AMD FirePro™ S9300 x2 Accelerator The World’s First GPU Accelerator with 1TB/s Memory Bandwidth Accelerate your most complex HPC workloads in data analytics or seismic processing on the world’s fastest single-precision compute GPU accelerator, the AMD FirePro™ S9300 x2 Server GPU.2,3 Take advantage of the numerous tools and libraries available at your disposal, including ROCm tools, from our developer page at
A recent test was undertaken by one of our customers, CGG. CGG is a leader in cutting-edge geoscience and recently conducted proprietary wave equation modelling benchmarking on several different GPU accelerators, including the new AMD FirePro™ S9300 x2 GPU. As the complexity of the wave equation increased, the performance advantage also grew in favor of the AMD FirePro™ S9300 x2 GPU, to a point where it was 2x faster than any other card tested.4
Chart Provided by CGG
AMD FirePro™ S9100, S9150 and S9170 Accelerators
Those who are looking for great double precision performance can turn to the AMD FirePro™ S9100 series of accelerators. The AMD FirePro™ S9150, powering the #1 ranked supercomputer on the 2014 Green500 list, easily surpasses the competition by offering over 50% more double precision performance than the comparable Tesla K40.5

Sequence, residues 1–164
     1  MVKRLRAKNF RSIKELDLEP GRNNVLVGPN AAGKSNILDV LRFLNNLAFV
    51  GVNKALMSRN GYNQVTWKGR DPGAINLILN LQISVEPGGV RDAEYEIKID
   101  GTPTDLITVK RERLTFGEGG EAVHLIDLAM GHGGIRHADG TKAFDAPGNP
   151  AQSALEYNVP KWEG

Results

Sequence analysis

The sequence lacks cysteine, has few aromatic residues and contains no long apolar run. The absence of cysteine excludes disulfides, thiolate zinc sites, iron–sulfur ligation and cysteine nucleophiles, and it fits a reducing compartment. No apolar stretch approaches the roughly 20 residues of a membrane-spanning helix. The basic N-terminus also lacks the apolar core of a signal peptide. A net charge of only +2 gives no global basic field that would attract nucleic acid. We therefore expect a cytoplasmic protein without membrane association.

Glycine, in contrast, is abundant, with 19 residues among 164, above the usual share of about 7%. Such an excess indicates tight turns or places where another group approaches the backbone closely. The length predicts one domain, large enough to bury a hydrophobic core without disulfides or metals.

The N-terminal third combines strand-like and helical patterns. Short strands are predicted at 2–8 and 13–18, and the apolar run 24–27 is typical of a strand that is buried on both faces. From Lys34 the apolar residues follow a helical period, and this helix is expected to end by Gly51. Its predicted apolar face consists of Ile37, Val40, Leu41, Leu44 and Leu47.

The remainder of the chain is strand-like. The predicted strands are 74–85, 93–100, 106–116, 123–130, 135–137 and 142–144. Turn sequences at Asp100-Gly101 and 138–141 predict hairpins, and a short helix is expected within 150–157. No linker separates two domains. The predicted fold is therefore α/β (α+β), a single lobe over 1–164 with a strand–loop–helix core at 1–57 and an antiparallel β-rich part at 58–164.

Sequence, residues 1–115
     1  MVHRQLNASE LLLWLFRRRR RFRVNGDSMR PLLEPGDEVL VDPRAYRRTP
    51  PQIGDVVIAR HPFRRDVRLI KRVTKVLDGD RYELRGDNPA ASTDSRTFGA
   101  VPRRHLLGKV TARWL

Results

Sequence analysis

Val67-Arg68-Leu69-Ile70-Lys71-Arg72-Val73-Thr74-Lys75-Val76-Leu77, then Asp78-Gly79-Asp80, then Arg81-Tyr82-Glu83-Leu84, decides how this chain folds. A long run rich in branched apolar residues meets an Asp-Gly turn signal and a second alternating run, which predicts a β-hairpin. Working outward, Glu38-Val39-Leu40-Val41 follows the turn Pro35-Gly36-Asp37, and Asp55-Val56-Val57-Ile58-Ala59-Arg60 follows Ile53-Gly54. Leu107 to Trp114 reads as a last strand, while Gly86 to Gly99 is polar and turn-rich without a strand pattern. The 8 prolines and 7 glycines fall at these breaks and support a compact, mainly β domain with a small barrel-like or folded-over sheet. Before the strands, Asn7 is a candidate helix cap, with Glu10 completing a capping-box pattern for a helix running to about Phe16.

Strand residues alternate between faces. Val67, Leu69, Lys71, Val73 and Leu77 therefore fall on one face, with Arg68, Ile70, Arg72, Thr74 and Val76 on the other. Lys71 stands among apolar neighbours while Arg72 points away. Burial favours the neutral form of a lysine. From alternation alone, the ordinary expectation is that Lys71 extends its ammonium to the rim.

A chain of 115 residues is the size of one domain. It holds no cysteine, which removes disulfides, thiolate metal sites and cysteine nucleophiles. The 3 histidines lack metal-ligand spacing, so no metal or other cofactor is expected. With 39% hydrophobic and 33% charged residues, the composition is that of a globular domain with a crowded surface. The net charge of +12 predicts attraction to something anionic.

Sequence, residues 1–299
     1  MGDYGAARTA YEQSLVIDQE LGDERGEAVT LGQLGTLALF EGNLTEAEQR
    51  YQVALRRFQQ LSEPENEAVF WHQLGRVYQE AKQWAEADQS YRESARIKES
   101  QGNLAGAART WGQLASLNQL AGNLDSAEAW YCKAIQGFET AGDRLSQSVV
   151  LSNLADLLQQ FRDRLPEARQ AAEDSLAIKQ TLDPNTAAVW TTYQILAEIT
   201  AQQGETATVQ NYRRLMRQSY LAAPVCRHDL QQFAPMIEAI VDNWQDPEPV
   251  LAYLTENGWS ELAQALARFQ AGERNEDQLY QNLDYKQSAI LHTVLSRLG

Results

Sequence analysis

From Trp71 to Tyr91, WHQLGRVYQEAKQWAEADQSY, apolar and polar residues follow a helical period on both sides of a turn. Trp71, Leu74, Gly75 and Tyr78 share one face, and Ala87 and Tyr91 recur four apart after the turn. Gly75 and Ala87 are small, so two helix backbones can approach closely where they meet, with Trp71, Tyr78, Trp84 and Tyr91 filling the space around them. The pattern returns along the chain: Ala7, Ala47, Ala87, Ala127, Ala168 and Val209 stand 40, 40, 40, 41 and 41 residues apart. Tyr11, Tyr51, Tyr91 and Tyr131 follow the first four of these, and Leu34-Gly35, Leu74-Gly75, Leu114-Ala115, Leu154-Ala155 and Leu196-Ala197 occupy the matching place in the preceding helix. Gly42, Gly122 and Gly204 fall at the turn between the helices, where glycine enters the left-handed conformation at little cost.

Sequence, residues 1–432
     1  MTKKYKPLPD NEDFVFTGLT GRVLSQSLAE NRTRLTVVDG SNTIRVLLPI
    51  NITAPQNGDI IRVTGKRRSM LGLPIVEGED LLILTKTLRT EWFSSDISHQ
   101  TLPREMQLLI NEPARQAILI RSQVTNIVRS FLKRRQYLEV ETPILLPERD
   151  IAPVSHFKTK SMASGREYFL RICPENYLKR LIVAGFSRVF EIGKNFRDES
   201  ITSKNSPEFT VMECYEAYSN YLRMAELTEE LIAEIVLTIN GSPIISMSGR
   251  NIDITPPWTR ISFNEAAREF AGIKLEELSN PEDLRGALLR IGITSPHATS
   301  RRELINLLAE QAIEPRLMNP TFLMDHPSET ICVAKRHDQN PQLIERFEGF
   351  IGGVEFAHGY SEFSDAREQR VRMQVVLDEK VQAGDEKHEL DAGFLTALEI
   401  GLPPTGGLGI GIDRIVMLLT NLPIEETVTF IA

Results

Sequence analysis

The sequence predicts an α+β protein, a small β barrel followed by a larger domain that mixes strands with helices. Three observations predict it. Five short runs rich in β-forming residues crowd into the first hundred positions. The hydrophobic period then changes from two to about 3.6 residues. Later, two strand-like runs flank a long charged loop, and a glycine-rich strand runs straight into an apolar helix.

Watch the video interview of Dr. David Rohr and Professor Lindenstruth talking about the L-CSC cluster, #1 ranked supercomputer on the 2014 Green500.
DGEMM, or Double-precision General Matrix-Matrix multiplication, measures floating point execution rate for double precision, real matrix-matrix multiplication. There are many real-world applications that take advantage of double-precision matrix operations. These include computational fluid dynamics, finite element analysis and structural modelling, and molecular dynamics.
With our AMD OpenCL BLAS implementation, we are able to achieve 2 TFLOPS of sustained DGEMM performance with the AMD FirePro™ S9150 GPU, while the Tesla K40 achieves 1.3 TFLOPS DGEMM.
The AMD FirePro™ S9170 GPU is great for those who need large matrix-matrix multiplication capabilities, where one can take advantage of the large 32GB GDDR5 memory that this card possesses. The Nvidia K80 and K40, with 24GB and 12GB memory, respectively, cannot compute matrices that are larger than what their smaller onboard memory can handle.